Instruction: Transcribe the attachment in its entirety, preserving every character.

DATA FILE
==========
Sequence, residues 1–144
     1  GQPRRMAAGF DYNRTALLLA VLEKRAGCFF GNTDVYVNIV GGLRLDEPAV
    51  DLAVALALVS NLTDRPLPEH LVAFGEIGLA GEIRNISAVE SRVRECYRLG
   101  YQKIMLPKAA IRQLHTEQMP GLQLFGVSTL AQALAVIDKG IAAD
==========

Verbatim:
Sequence, residues 1–144
     1  GQPRRMAAGF DYNRTALLLA VLEKRAGCFF GNTDVYVNIV GGLRLDEPAV
    51  DLAVALALVS NLTDRPLPEH LVAFGEIGLA GEIRNISAVE SRVRECYRLG
   101  YQKIMLPKAA IRQLHTEQMP GLQLFGVSTL AQALAVIDKG IAAD